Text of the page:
An administrative agency enjoys broad discretion in carrying out the mandates of its governing statutes, see Chevron, U.S.A., Inc. v. Natural Resources Defense Council Inc., 467 U.S. 837, 866, 104 S.Ct. 2778, 2793, 81 L.Ed.2d 694 (1984), and we will set aside an agency's action only upon a showing that the action is "arbitrary, capricious, an abuse of discretion, or otherwise not in accordance with law," 5 U.S.C. § 706(2)(A) (1994); see also Udall v. Tallman, 380 U.S. 1, 16, 85 S.Ct. 792, 801, 13 L.Ed.2d 616 (1965) ("When the construction of an administrative regulation rather than a statute is in issue, deference is even more clearly in order."). The appellate court "must make an independent decision based on the same administrative record that was before the factfinder." Sierra Club v. Davies, 955 F.2d 1188, 1192 (8th Cir.1992). This standard of review requires that the reviewing court defer to the agency's decisions in matters within its area of expertise, see Bankruptcy Estate of United Shipping Co. v. General Mills, Inc., 34 F.3d 1383, 1390-91 (8th Cir.1994), and this Court "is not permitted to substitute its judgment for that of the agency," Sierra Club, 955 F.2d at 1192-93 (citing Citizens to Preserve Overton Park, Inc. v. Volpe, 401 U.S. 402, 416, 91 S.Ct. 814, 823-24, 28 L.Ed.2d 136 (1971)). Regulations promulgated by an agency will be upheld if they are " 'reasonably related to the purposes of the enabling legislation.' " Voyageurs Region Nat'l Park Ass'n v. Lujan, 966 F.2d 424, 427 (8th Cir.1992) (citation omitted). "While we may not supply a reasoned basis for the agency's action that the agency itself has not given, we will uphold a decision of less than ideal clarity if the agency's path may reasonably be discerned." Bowman Transp., Inc. v. Arkansas-Best Freight Sys., Inc., 419 U.S. 281, 285-86, 95 S.Ct. 438, 441-42, 42 L.Ed.2d 447 (1974) (citation omitted).IV.


Snowmobiling is a prohibited activity in national parks except where the NPS has promulgated special regulations designating areas open to snowmobiling, and even then it is allowed only where such "use is consistent with ... park management objectives, and will not disturb wildlife or damage park resources." 36 C.F.R. § 2.18(c). Congress endowed the Secretary of the Interior with discretion to permit snowmobiling in Voyageurs National Park when statutes establishing the Park were enacted: "The Secretary may, when planning for development of the park, include appropriate provisions for (1) winter sports, including the use of snowmobiles...." 16 U.S.C. § 160h (1994). Consistent with the NPS's responsibility to manage and regulate Park resources, the NPS has been given wide latitude to make management decisions regarding the type and scope of activities permitted on Park property.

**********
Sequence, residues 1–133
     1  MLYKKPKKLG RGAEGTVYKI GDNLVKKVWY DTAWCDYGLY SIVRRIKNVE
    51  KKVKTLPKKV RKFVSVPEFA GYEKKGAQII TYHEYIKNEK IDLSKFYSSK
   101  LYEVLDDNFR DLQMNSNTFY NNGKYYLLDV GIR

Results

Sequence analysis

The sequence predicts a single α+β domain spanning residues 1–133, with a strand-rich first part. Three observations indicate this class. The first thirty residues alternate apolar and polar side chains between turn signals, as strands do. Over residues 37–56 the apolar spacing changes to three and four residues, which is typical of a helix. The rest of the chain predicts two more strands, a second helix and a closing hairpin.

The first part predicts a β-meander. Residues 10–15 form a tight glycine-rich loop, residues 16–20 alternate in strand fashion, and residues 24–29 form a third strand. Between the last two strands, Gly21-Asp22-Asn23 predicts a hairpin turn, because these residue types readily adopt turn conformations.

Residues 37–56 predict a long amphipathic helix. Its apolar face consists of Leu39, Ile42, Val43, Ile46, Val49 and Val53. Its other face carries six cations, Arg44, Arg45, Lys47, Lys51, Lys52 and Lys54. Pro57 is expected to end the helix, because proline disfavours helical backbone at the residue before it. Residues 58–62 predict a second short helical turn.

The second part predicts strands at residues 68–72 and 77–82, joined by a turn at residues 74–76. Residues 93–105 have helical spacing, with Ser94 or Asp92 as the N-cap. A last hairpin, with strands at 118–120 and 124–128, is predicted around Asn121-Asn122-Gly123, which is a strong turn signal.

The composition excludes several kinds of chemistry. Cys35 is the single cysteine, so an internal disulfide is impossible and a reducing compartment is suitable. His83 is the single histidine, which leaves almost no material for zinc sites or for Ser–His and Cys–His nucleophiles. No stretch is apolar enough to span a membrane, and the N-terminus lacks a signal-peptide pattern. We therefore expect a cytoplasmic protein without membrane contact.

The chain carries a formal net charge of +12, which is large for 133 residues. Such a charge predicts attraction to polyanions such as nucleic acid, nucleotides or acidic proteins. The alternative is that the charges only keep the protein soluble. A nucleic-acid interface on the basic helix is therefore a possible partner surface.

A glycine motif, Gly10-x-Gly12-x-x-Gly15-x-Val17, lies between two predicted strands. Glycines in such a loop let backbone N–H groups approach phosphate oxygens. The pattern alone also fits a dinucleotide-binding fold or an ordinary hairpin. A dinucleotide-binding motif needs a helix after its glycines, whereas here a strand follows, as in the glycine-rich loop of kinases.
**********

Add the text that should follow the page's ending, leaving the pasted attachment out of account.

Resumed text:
The District Court analyzed the propriety of the NPS's Park closures solely under the authority granted to the agency by the ESA and concluded that the closures were invalid. The ESA represents a congressional directive that all federal agencies "shall seek to conserve endangered species and threatened species and shall utilize their authorities in furtherance of the purposes of [the Act]." 16 U.S.C. § 1531(c) (1994). In keeping with Congress's stated purpose to protect wildlife, the ESA prohibits federal agencies from taking any action that is "likely to jeopardize the continued existence of any endangered species or threatened species," 16 U.S.C. § 1536(a)(2) (1994),8 and prohibits any person, including a governmental agency, from "taking" any individual member of a threatened or endangered species population, see 16 U.S.C. § 1538(a)(1)(B) (1994) (endangered species); 50 C.F.R. § 17.31 (1995) (threatened species). Under these two provisions, the ESA operates to protect both the survival of entire populations of endangered or threatened species and the survival of individual members of each such species.


The District Court, after acknowledging that an agency's action is entitled to great deference, concluded that the NPS and FWS "failed to explain adequately the reasons for the closures," and that, therefore, the action was arbitrary and capricious. Mausolf, 913 F.Supp. at 1343. The evidence, according to the District Court, was insufficient to support the agency's action under the ESA. The District Court found that the NPS's decision to effectuate these closures was "based on little more than speculation." Id. at 1344.


The District Court, however, neglected to consider the closures in light of the NPS's authority arising from the organic act creating the NPS and the national park system, see 16 U.S.C. §§ 1, 3 (1994), from the regulations promulgated under these statutes that govern the management of all national parks, see 36 C.F.R. § 1.5(a), or from regulations promulgated to manage snowmobiling in Voyageurs Park in particular, see 36 C.F.R. § 7.33(b)(3).


The regulations designating routes for snowmobiling within the Park specifically grant the Park Superintendent the discretion temporarily to close routes and lake surfaces to snowmobiling after taking into consideration, among other factors, park management objectives.9 The 1992 Park closure order, on its face, declares that the order was issued "[u]nder the authority of Title 36, Code of Federal Regulations, Chapter 1, Section 7.33(b)(3)." See Addendum to 1992 Compendium. This order was renewed in 1993, see 1993 Compendium, and in 1994, see 1994 Compendium, again under the authority granted the Superintendent under § 7.33(b)(3) to mandate temporary closures to effectuate park management objectives.